The Steamship Authority board of directors is wary of making a good showing when the ferry service’s new website is launched.
During the Tuesday morning meeting, Steamship Authority general manager Robert Davis requested a change order to a contract with Boston-based software company ADK Group, who are working to redesign the authority’s website and develop a mobile app. The extended time on the project with this order is expected to cost $165,200. According to Davis, the information technology working group was established in January to find a consultant to assess the SSA’s overall information technology infrastructure and make improvement recommendations. The hope is to have these bids decided by early April.
“At the time, I mentioned that we were going to apply the brakes somewhat to the website developments until we had a better understanding of what is going on,” Davis said, adding that, however, ADK Group saw potential issues down the road based on many aspects of the project.
Steamship Authority communications director Sean Driscoll said during the meeting that user acceptance testing, which assessed the site’s functionality in a real-world setting, by the authority’s staff revealed 31 issues. These affected the setup of user preferences and booking functions, among others. Testing and training is planned to continue. Updates about the project are posted at bit.ly/41i1VUs.
Davis said the authority has a “small window” to roll out an improved website either in the spring or later in the fall. “At this point, we’re looking at a delay until the springtime and as a part of that, there is a continued cost for the developers assigned to this project … [who will] have some further testing and refinement of the online during this time period as well,” he said, expecting the delay to take seven weeks.
Board secretary and Martha’s Vineyard representative Jim Malkin expressed a need for accuracy on the website.
“I would hate to go to our traveling public with a better looking website that has inaccurate information, and a discussion that we’ve had was there are business processes behind the website that will feed the information to the website,” he said, asking whether a plan was being developed to make sure information from different parts of the authority’s operations gets the correct information onto the website.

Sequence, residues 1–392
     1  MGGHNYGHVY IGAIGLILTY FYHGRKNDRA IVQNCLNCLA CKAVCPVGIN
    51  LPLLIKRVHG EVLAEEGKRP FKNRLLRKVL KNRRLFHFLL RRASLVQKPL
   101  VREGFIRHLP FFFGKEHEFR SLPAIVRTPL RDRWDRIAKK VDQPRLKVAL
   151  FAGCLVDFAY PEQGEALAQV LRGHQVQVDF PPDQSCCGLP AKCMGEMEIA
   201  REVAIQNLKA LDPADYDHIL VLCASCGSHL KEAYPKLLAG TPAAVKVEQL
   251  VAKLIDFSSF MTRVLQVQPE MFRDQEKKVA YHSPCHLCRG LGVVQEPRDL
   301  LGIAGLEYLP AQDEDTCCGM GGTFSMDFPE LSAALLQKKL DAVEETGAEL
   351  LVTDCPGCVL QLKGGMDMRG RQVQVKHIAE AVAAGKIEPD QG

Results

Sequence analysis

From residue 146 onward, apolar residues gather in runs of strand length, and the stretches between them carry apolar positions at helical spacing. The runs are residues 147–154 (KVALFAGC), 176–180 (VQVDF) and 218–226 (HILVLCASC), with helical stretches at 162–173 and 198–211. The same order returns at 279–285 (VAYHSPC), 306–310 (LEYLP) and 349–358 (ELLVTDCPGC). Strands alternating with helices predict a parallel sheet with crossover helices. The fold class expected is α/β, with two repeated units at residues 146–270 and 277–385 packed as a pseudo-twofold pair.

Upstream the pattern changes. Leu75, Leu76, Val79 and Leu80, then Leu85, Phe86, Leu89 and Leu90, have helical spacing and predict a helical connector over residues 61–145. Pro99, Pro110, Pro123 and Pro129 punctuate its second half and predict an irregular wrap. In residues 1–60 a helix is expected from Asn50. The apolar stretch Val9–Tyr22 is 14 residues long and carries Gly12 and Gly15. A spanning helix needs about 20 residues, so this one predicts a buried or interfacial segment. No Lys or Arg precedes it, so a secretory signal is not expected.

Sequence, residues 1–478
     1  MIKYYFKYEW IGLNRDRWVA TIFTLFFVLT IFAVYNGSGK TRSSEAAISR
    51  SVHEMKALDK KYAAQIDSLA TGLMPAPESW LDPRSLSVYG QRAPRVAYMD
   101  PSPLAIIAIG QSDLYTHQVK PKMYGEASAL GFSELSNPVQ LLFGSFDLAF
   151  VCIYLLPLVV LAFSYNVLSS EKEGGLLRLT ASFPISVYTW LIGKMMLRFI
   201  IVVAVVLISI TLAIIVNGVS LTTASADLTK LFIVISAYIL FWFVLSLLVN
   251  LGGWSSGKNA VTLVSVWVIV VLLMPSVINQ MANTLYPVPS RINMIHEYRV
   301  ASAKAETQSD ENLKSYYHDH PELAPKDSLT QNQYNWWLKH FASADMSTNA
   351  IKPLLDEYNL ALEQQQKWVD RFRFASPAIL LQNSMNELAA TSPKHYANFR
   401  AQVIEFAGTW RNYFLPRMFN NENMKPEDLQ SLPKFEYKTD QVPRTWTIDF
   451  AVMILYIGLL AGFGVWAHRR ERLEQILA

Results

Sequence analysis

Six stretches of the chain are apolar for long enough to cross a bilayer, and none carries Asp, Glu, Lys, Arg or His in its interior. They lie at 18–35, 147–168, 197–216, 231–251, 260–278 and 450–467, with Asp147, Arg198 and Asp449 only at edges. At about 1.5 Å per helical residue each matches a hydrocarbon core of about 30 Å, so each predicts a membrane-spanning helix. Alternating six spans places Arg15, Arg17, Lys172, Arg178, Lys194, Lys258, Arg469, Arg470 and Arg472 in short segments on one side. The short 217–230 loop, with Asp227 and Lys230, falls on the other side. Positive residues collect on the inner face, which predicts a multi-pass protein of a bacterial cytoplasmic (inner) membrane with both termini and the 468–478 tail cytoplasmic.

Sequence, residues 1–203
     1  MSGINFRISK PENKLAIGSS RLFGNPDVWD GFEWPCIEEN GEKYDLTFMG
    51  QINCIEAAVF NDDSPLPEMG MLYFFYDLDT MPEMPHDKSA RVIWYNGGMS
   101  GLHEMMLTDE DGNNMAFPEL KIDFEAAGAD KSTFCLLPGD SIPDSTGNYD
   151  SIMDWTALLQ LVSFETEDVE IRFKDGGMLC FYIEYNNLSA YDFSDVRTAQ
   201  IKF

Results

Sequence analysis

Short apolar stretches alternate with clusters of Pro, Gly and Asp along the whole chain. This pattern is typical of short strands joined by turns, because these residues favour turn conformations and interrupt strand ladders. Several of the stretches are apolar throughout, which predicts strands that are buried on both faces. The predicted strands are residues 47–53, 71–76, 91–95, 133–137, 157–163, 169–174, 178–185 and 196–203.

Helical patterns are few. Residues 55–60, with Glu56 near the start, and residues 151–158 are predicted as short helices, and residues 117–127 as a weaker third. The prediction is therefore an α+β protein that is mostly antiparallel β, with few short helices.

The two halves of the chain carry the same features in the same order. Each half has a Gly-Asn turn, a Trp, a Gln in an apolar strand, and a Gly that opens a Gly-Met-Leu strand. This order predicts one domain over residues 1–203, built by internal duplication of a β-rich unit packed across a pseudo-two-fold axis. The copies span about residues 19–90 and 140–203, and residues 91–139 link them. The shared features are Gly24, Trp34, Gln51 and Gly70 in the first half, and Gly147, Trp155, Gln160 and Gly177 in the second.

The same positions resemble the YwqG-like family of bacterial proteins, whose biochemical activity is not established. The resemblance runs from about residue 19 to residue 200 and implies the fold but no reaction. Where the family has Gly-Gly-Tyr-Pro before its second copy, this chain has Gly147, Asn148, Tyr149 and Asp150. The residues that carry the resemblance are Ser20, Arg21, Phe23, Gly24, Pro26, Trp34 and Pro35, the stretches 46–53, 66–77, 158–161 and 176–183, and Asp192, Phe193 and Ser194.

Davis said while interim measures are being considered, Malkin’s concerns would fall under the consultant’s duties.
When board member and Falmouth representative Peter Jeffrey asked whether the delay was enough for the public launch of the website and mobile app alongside what the estimated costs would be for further delays, Steamship Authority communications director Sean Driscoll said the website launches would happen by mid-May or mid-June. If more time is needed, the launch would be in September or October to avoid having the big update during the busy summer season.
“I anticipate that would be roughly concurrent with when we get a report back,” Driscoll said. “If we want to then delay the launch of the website until we implement that, now we’re looking at problems for the 2024 openings.”
According to Driscoll, swapping out the backend systems for the website should be easy. “I think, personally, it’s in our best interest to launch it after the conclusion of the [request for proposal] process but then as soon as possible because we’re going to fix a lot of the issues that we’re seeing in the summertime and then we’ll be much better prepared for the general openings in 2024,” he said.
During the summer 2023 reservation openings, the authority’s website experienced issues that forced long wait times for many customers.
“We also get one opportunity to make a first impression in terms of our website and mobile app,” Jeffrey said.
Malkin pointed out that improvements to the website should be noticeable to the public.
“If the fix is visible and apparent to our customers, then the other issues may be minor,” he said. “If the issues aren’t obvious to the users, in terms of being fixed, then the new website will make the SSA … less than ideal.”
Driscoll said a part of managing public expectations will be based on properly sharing what the website will and will not fix.
“It’s not going to create space on the boats, it’s not going to build new boats,” Driscoll said. “The active management of the reservation system is separate from the interface of the website. So, what the website will do is have a more stable connection to the reservation system so that time-outs and errors while you’re looking will be greatly reduced … the website will be far, far, far, far more user friendly and [navigable] than our current website is, but it’s not going to fix all of the issues the IT working group is looking at.”
After further discussion, the board voted 3-0 to approve the order change. Jeffrey, who is also the information technology working group chair, abstained.